The Best Way to Run a Marathon Without Actually Running One

I love marathon weekend in my adopted hometown of Eugene, Oregon. As you all know, Eugene is America’s running town, affectionately called Tracktown, USA. It’s the home of the late great Prefontaine, Hayward Field, and more elite runners that you can count.

But what I don’t love is long distance. I’m not a marathoner. I’m not even a long-runner. Ten miles is long to me. Yet, even as a non-marathoner or even a non-half-marathoner, I love the marathon. 

The 11th annual Eugene Marathon took place on the first weekend in May. In the week leading up to the race, I attended a professional retreat on Orcas Island and I saw no chance of being in town for marathon weekend. I was bummed because I’ve run the Eugene Marathon 5k for the past four consecutive years. It’s my favorite course. It’s beautiful, it’s hilly, and it finishes on the track at historic Hayward Field! Well, as luck would have it, I got out of my retreat early. Yes! The stars aligned, and before I knew it, I was toeing the line for the 2017 Eugene Marathon 5k!

When I first caught glimpse of the remote possibility of returning to my adoptive hometown in time for marathon weekend, I became childishly giddy with excitement. So, when it started to look probable, I enlisted my poor husband to drive me home very late at night. I’ll spare you the gritty details of the ride home. Let’s just say that it involved a lengthy, heated discussion on consciousness and quantum mechanics and the two of us coming too close for comfort to running out of gas on the freeway — and smashing any hopes of my running the next morning. But, I digress.

This is not about that 5k race. This is about enjoying a hometown marathon without actually running 26.2.

Hey, check out my personal course record!

Two years ago, a friend of mine ran the Eugene Marathon. At the last minute, her pacing buddy for the final five miles of the race dropped out and she was left with nobody to assist. Given that my friend had planned for, and expected, company in those last grueling miles, I was happy to volunteer my services.

Sure, I’m the consummate “sprinter” but if she can run 26.2 miles, I can certainly run five, right? Given that my friend was desperate, she took me up on my offer, and within a few days I was awaiting her hopefully-smiling face near the 21 mile marker.

Accompanying a marathon runner in the last miles of the run is an experience every shorter-distance runner should have. In other words, if you are on the fence as to whether or not to run a marathon, the last five miles of running one gives you a good feel for what it is like. It’s basically my definition of carnage.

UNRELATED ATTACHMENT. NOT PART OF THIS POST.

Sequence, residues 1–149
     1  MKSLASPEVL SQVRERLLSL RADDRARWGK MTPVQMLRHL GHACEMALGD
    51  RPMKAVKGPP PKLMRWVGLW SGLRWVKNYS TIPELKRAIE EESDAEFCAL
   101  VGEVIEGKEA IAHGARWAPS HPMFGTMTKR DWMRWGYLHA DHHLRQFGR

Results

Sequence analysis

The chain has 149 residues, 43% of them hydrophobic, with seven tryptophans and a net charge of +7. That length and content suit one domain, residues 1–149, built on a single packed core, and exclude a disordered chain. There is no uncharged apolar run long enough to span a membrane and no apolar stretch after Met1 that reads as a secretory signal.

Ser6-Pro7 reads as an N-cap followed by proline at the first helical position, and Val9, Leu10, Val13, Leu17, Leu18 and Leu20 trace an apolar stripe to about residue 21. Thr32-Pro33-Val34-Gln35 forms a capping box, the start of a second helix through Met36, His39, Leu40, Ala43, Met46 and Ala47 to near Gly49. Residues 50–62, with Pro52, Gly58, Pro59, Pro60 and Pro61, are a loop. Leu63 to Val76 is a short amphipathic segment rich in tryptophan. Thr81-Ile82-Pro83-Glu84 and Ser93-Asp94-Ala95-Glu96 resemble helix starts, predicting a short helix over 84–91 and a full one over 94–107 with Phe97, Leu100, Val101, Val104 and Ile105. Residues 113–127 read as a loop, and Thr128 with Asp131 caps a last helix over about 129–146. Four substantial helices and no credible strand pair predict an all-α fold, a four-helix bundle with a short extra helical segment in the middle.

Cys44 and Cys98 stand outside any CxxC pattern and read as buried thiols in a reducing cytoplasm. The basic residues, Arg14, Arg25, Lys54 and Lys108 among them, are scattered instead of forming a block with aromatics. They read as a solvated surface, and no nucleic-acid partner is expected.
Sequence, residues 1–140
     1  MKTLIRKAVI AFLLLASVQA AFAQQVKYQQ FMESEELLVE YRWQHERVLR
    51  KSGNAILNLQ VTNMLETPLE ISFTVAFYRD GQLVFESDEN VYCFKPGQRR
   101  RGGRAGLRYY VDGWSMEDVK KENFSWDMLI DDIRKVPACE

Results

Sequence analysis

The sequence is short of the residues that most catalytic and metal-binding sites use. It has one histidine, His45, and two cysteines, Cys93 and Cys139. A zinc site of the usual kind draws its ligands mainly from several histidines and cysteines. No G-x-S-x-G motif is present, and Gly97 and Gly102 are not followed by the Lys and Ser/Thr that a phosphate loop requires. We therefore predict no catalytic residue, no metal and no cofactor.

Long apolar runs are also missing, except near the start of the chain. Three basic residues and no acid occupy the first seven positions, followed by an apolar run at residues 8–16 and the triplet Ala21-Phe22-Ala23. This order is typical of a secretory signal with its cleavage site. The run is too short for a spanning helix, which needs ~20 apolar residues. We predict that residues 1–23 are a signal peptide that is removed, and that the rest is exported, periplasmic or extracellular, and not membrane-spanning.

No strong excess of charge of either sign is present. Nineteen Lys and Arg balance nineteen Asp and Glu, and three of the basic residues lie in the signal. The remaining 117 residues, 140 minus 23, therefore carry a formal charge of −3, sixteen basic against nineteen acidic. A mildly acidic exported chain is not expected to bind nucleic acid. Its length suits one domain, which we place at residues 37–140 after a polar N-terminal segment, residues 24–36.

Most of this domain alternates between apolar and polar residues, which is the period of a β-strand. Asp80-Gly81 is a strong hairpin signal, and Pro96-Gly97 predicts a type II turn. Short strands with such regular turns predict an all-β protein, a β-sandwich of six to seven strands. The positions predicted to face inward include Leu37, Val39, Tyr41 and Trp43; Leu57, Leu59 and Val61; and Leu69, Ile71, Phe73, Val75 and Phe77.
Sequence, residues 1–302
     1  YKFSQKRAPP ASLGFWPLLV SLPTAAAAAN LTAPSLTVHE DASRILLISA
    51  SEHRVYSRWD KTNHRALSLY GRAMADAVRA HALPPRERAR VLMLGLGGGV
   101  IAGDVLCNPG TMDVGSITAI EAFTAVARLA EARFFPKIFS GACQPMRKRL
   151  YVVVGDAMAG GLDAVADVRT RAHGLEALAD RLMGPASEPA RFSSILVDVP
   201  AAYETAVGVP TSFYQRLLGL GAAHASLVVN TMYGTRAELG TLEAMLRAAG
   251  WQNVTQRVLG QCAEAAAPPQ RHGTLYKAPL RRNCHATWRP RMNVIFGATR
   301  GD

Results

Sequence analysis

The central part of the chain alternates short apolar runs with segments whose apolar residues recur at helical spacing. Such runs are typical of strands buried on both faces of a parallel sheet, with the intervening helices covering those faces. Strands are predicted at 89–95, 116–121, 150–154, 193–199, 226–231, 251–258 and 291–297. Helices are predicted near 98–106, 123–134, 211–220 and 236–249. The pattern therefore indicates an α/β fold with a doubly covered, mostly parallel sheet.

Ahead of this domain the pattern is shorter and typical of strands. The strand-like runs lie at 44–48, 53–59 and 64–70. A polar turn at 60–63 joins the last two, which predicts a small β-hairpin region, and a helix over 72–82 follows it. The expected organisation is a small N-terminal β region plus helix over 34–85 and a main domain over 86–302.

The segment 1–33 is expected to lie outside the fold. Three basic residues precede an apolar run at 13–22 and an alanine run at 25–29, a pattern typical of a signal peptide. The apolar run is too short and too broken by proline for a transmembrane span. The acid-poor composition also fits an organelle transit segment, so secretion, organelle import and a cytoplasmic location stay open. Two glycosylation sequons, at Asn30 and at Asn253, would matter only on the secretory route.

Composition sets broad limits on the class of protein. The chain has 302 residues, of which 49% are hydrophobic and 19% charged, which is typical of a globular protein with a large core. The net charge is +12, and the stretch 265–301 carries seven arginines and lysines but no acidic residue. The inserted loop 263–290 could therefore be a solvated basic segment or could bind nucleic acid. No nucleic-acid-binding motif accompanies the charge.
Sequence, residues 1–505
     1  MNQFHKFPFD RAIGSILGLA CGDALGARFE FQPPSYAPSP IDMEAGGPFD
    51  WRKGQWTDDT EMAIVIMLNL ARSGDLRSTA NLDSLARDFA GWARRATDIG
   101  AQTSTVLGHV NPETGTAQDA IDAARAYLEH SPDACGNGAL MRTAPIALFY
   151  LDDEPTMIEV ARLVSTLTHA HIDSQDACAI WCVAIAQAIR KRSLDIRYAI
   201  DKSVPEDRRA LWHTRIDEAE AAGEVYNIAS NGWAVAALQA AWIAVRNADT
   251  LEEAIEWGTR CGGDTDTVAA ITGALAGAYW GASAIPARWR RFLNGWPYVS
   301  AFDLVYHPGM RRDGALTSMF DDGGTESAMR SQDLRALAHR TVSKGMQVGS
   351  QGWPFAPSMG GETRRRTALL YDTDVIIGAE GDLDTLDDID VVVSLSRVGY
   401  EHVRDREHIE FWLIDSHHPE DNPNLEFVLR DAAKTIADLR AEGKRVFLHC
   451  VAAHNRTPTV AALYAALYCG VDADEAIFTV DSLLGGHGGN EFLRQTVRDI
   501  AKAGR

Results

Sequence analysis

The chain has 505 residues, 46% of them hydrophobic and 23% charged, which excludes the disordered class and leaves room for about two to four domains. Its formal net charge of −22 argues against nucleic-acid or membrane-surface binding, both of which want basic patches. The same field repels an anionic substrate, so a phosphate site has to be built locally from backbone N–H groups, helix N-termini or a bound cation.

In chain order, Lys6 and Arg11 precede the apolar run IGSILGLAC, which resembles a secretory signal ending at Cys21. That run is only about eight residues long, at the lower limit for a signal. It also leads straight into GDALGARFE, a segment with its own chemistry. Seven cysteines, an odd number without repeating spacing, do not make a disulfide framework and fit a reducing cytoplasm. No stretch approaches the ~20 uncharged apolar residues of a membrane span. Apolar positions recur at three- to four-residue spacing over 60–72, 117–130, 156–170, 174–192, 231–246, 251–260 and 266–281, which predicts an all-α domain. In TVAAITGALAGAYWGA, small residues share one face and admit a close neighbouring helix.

Truth be told, my friend did miraculously. While others around her experienced apparent delusions and hallucinations, muscle cramps, dehydration and pure misery, she held her own: good form, a sense of humor and an amazing ability to be coherent after such a long time running.

But, from my viewpoint, the general environment was nothing short of pure suffering. This experience provided me a sense of awe that I continue to have for anyone who takes on this distance. And it also sealed the deal for me: I will NEVER run a marathon!

That said, ever since then, I’ve longed for more of the marathon experience. A year later, my step-daughter and I accompanied a friend from San Francisco in the half marathon distance and we had so much fun being his support team and getting so much attention from all of the bystanders. It was a hoot!

This year, although I had nobody specifically lined up to run with, I hopped in with friends at various parts of the course. Sometimes I provided company, sometimes just a distracting conversation or a positive voice in the often negative landscape of the last few miles.

One could say that I caught a bug, of sorts, for joining in and accompanying friends in their marathon efforts. I hope to provide company, support and maybe a little comic relief. Maybe I can even ease some of the suffering, kind of  like a good sports drink that you swish in your mouth and spit out. I’d like to believe that my presence can provide a little ease from the sometimes monotonous burden of the mile after mile … after mile.

You see, some of us are made to run long distances and some of us are not. But this shouldn’t keep you from joining in the fun of the marathon experience! Be creative, be a cheer squad, or help your (masochistic) friends! Make someone’s day and spread the joy of this awesome event we call the marathon!

How do you celebrate your hometown marathon without actually running long? 

Hello! This is Chili. I'm originally from Newfoundland and I currently reside in Eugene, Oregon (otherwise known as "TrackTown USA"). I am a Licensed Marriage and Family Therapist in private practice with a specialty in Eating Disorders and Body Image issues. I like to write about the psychological components of racing, the joys of running with others, injury prevention, runners and body image, risk-taking in racing and the experience of being a Masters runner who is relatively new to the sport.